Applying "Getting to Yes" Principles in Debt Ceiling Negotiations


I am a fan of the groundbreaking book “Getting to Yes: Negotiating Agreement Without Giving In,” by Roger Fisher, William Ury, and Bruce Patton. The principles in that book are not all inclusive of every method of negotiation, but they are the best.

Speaking of negations, the debt ceiling negotiations in the United States often lead to contentious debates and political standoffs. To overcome these challenges and reach mutually beneficial agreements, it is essential for lawmakers to adopt effective negotiation strategies. In this article I will explore how the principles outlined in “Getting to Yes” can be applied to debt ceiling negotiations, fostering collaboration and achieving successful outcomes.

1. Separate People from the Problem:

Debt ceiling negotiations are often charged with strong emotions and political ideologies. To create an environment conducive to productive discussions, it is crucial to separate the individuals involved from the problem at hand. Focus on the financial challenges, economic implications, and long-term consequences of not reaching an agreement, rather than engaging in personal attacks or blame games.

2. Focus on Interests, Not Positions:

Rather than getting fixated on rigid positions, negotiators should identify and understand the underlying interests driving each party. By uncovering the motivations and concerns of all stakeholders, common ground can be discovered. For example, Republicans may prioritize fiscal responsibility, while Democrats may prioritize social programs. Identifying shared goals and interests allows for creative solutions that address the concerns of all parties involved.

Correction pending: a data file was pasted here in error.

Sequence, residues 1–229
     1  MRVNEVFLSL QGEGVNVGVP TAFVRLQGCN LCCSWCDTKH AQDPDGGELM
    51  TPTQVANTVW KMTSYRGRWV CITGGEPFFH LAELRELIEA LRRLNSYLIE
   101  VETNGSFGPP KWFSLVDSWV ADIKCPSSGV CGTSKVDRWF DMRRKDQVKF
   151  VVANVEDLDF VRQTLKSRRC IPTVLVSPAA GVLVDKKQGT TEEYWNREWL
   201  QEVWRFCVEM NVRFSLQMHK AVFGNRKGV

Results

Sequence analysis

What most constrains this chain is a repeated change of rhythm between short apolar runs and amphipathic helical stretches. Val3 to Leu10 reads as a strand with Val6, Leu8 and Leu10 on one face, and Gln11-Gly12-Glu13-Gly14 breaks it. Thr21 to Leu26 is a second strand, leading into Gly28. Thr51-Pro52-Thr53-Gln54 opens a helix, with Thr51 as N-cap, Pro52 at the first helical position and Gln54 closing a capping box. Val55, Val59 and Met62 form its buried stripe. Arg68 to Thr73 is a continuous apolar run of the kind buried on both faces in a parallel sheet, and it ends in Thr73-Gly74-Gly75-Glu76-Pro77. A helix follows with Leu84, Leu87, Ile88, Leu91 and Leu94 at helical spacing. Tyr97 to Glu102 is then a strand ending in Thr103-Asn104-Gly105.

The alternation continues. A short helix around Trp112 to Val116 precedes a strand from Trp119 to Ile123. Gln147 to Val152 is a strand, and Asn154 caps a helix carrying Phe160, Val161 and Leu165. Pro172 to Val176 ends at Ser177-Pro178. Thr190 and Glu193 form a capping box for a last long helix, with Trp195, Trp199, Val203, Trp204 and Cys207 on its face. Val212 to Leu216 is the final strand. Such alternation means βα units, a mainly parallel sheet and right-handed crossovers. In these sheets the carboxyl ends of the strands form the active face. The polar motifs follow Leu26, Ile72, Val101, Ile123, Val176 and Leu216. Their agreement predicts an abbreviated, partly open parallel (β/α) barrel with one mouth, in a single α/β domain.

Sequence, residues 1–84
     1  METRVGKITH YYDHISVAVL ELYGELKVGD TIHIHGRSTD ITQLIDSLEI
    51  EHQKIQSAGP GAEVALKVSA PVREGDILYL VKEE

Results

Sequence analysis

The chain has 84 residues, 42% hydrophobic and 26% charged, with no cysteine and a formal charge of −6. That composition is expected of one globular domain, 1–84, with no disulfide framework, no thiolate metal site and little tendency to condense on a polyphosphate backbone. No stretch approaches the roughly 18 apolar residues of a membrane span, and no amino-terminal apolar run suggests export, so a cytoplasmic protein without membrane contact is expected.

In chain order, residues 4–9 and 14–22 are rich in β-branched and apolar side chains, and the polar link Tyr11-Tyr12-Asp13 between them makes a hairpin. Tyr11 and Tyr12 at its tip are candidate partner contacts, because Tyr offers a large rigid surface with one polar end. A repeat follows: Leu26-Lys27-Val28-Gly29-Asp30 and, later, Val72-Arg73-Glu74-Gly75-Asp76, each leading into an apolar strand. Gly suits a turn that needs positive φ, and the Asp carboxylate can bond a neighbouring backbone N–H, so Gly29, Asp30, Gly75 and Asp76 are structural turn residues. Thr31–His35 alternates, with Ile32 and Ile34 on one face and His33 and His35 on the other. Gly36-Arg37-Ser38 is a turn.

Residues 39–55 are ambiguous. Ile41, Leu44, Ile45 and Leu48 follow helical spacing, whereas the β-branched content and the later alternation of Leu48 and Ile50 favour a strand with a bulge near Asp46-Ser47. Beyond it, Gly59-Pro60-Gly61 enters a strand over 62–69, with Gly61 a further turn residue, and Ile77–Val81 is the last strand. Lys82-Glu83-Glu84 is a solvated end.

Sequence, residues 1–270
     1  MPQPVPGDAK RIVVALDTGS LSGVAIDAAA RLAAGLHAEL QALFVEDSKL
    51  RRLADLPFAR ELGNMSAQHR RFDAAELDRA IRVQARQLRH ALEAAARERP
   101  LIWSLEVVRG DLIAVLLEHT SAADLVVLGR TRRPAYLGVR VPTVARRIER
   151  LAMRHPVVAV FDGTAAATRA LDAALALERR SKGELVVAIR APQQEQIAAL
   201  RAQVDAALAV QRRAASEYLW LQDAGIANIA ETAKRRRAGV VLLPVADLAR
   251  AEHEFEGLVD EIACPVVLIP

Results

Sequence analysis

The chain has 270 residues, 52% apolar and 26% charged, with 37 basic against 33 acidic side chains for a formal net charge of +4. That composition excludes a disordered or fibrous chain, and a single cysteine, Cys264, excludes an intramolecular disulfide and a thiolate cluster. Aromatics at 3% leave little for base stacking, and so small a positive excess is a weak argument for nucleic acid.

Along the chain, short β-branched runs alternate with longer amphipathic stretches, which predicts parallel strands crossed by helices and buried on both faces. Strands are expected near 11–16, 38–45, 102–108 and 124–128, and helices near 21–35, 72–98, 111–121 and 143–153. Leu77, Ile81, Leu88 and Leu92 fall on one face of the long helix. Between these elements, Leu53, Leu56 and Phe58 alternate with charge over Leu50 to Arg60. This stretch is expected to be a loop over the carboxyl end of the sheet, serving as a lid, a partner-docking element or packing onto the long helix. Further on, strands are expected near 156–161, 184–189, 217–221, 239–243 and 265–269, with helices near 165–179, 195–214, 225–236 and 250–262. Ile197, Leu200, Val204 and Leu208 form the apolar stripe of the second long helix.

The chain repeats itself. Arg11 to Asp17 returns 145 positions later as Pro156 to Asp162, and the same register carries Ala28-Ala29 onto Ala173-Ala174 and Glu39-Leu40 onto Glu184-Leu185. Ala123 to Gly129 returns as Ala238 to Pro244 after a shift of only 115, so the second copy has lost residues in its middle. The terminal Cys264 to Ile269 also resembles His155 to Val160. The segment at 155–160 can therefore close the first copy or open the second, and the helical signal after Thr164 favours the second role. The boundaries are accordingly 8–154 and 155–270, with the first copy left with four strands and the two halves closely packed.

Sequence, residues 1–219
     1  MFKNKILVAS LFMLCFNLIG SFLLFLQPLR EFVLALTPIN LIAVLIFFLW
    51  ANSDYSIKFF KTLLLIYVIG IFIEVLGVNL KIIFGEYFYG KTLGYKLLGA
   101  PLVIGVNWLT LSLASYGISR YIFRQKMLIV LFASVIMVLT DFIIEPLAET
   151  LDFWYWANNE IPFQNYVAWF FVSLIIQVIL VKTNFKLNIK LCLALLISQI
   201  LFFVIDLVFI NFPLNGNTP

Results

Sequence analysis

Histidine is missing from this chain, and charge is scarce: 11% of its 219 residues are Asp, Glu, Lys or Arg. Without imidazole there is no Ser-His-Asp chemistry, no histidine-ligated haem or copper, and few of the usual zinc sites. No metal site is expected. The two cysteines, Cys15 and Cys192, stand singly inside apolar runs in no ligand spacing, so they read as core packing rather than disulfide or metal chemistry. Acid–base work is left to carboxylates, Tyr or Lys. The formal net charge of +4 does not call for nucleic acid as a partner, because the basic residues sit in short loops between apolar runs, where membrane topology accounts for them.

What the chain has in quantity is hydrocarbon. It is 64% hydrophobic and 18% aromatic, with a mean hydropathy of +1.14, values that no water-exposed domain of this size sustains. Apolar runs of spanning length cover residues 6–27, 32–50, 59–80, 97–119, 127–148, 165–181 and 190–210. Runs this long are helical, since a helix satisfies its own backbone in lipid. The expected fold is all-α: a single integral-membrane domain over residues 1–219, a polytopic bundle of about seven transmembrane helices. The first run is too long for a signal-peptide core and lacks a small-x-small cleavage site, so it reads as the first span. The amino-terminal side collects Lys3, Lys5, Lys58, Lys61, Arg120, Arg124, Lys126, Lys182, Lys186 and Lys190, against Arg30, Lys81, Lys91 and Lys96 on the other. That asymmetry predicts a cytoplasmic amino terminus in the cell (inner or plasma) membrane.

3. Generate Options for Mutual Gain:

Debt ceiling negotiations often become polarized due to a limited set of perceived solutions. However, by actively engaging in brainstorming and generating multiple options, negotiators can expand the possibilities for mutual gain. Encourage open dialogue and consider alternative approaches that address the concerns of each party. This may involve exploring revenue increases, spending cuts, or structural reforms that promote fiscal sustainability while protecting vital programs.

4. Use Objective Criteria:

In “Getting to Yes,” the authors emphasize the importance of using objective criteria to guide decision-making. In debt ceiling negotiations, it is beneficial to rely on economic indicators, expert analysis, and historical precedents to inform the discussions. Utilize data-driven arguments and trusted sources to support proposals and ensure fairness in decision-making. This approach helps depersonalize the negotiation process and provides a basis for reaching consensus.

5. Insist on Fair Process:

A fair and transparent negotiation process is vital for building trust and maintaining the legitimacy of the agreement. Ensure that all parties have an opportunity to express their concerns, share information, and participate in the decision-making process. Create mechanisms for open dialogue, such as regular meetings, briefings, and expert testimonies, to foster understanding and collaboration.

6. Maintain Open Communication:

Effective communication is key to successful negotiations. Encourage all parties to express their interests, concerns, and ideas openly and honestly. Actively listen to each other, seeking to understand rather than simply waiting to respond. Maintain ongoing communication channels throughout the negotiation process to address emerging issues and build rapport.

In Conclusion:

Debt ceiling negotiations can be highly contentious, but by applying the principles outlined in “Getting to Yes,” lawmakers could foster a collaborative environment and reach mutually beneficial agreements if that were their desire. By separating people from the problem, focusing on interests, generating options, using objective criteria, insisting on a fair process, and maintaining open communication, negotiators can transcend partisan divides and find innovative solutions. Embracing this principled approach to negotiation would enable policymakers to navigate the complex challenges of the debt ceiling while promoting the long-term financial stability and well-being of the nation.